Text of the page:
The Console potentially allows you to search on any attribute in your entity type schema. (This includes any custom attributes that you might have added to the schema.) Want to search for users based on their birthday? No problem: the user schema includes an attribute named birthday. Want to search for users based on the country they live in? No problem: the user schema includes an attribute named primaryAddress.country. Want to search for users based on their opt-in status? No problem: the schema includes an attribute named optin.status. Want to – well, you get the idea.
Note. When we say that you can search on any attribute in your schema, that includes plural attributes, individual attributes that can store more than one value. However, while plural attributes can be searched, the stored values cannot be displayed in the Console search results.
But wait a second: if you can search for any attribute in your user schema (and you can), then why did we preface this topic by saying that you can potentially search for any attribute in your user schema? That’s a good question, and we have an answer for you: straight out of the box, there are only a dozen or so attributes that you can search on.
Wait: what? Are those really the only attributes you can search on? Initially, yes: those are the only attributes you can search on. By design, the Console only searches on the so-called “searchable attributes,” attributes that have been indexed. And what is an indexed attribute? To answer that question, let’s start by pointing out that, in the user profile database, all the information about a user is stored as a single record; that record contains information such as the user’s name, email address, physical address, telephone number, etc. Without indices, and without indexed attributes, searching this database would require sifting through all those user records and all that accompanying data, a very time-consuming and resource-intensive task.
So then what’s an index? For our purposes, an index is a data structure (separate from the main database) that contains two pieces of information for each user: the value of an attribute (for example, the user’s email address) and a pointer to the complete user record. If you want to search for an email address, it’s much faster and much more efficient to search the email index (which, in this case, is just a list of email addresses) than it is to search through the entire database.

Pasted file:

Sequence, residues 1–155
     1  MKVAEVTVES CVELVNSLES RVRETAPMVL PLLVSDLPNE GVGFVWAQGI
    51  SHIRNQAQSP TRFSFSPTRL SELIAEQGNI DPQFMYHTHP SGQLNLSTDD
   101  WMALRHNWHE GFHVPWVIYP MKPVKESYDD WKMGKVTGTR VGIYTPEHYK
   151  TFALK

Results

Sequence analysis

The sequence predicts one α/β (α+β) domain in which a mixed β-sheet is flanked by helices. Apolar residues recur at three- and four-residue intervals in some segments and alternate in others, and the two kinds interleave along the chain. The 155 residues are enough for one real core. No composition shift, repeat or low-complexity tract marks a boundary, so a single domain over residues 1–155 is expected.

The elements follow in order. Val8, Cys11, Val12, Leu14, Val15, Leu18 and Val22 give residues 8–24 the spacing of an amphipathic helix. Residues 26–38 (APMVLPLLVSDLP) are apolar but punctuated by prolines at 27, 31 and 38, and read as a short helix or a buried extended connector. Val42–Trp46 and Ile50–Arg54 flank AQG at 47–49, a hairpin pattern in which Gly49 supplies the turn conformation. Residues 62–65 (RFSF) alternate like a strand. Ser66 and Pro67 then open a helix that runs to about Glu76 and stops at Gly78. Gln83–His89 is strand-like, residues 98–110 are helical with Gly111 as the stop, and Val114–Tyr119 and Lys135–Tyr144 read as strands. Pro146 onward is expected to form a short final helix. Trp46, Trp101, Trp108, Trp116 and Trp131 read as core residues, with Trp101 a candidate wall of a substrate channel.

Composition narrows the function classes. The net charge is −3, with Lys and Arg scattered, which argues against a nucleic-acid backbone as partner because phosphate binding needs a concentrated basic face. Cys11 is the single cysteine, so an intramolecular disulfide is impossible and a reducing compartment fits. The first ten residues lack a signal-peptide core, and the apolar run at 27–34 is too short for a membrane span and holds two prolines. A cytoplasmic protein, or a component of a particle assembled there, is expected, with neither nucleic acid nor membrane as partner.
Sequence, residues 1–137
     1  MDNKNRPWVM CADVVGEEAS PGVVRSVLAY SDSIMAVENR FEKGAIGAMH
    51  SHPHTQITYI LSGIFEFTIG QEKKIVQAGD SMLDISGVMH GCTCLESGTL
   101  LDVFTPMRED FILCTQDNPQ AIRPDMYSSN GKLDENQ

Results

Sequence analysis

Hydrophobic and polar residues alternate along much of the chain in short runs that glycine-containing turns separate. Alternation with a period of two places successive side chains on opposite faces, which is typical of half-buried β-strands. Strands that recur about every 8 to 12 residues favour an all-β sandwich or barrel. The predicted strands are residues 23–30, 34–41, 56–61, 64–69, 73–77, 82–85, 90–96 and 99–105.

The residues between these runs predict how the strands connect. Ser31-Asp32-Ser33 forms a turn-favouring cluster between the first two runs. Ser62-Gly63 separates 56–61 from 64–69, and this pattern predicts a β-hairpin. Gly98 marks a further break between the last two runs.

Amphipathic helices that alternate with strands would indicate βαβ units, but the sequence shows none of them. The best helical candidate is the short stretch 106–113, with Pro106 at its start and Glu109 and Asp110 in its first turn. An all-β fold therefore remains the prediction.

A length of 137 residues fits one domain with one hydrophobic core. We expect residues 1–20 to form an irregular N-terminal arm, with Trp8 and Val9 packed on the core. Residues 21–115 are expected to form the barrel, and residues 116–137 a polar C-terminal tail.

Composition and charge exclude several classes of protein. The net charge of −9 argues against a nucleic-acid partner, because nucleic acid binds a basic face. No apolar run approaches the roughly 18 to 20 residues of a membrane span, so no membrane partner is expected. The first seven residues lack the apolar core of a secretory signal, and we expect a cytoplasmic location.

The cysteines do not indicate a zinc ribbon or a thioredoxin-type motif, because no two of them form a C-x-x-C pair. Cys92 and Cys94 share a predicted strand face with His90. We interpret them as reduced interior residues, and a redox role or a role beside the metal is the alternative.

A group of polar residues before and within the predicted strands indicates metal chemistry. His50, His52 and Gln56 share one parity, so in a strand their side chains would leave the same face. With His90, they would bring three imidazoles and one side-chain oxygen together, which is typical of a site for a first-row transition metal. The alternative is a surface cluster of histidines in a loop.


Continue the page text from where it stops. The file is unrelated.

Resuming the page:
For example, imagine looking for a phone number in the phone book, but having to look through not just all the phone numbers but all the names and addresses and ads and maps and everything else you might encounter in a phone book. That’s obviously going to be slower and more-cumbersome than looking for a phone number in a list that has nothing but phone numbers. If you’re trying to find a specific email address, you (or, at any rate, the computer) can quickly search through the email index, locate the target email address, then, if necessary, use the pointer to the complete user record to retrieve additional information like the user’s name or telephone number.
To make a long story short (which is kind of what an index does), an index is a data structure that speeds up searches; in turn, an indexed attribute is any attribute that has its own index. In the Console, you can only search on indexed attributes, because searches are then carried out on an index rather than on the entire database.
Admittedly, if you only have a handful of user records, well, then an index won’t make much difference. But because user profile databases have the potential to grow extremely large (it’s not unusual for organizations to have millions of records in their user profile databases), using indices and limiting search queries to indexed attributes helps ensure faster and more efficient database performance.
Note. That’s the upside to an index. The downside? Each index you create requires additional storage space. That’s one reason why only a few attributes are indexed by default: if you indexed everything, your database could instantly double or triple in size, and disk storage space might suddenly become a major concern.
By default, the following attributes come “pre-indexed,” meaning that they are searchable in the Console:
To verify which of your attributes are searchable and which ones aren’t, click the Searchable fields link on the Console’s Manage Profiles page. That displays a dialog box showing all the attributes you can search on:
If you later index other attributes (such as primaryAddress.country), those attributes will also appear in this dialog box.
You can also find this information on the Manage Schemas page.
Out of the box, those are the only attributes that you can use in a search query. For example, suppose you try to search for an attribute (such as primaryAddress.country) that has not been indexed:
primaryAddress.country = "Japan"
The preceding search will fail with the error message Some fields are not queryable: primaryAddress.country. And why isn’t the attribute queryable? You got it: because, by default, primaryAddress.country is not an indexed attribute.
But all is not lost: if you want to search on other attributes (primaryAddress.country, deactivateAccount, etc.) you just need to create indices for those attributes. That’s done by contacting your Akamai representative.
Note. At this point in time, Akamai must do the database indexing for you; that capability is not exposed in the Console or in the Dashboard.
The point to remember: the Console lets you search for any attribute in your user profile database (including any custom attributes you might have added to the database). Just make sure that the attribute is indexed before you try searching on it.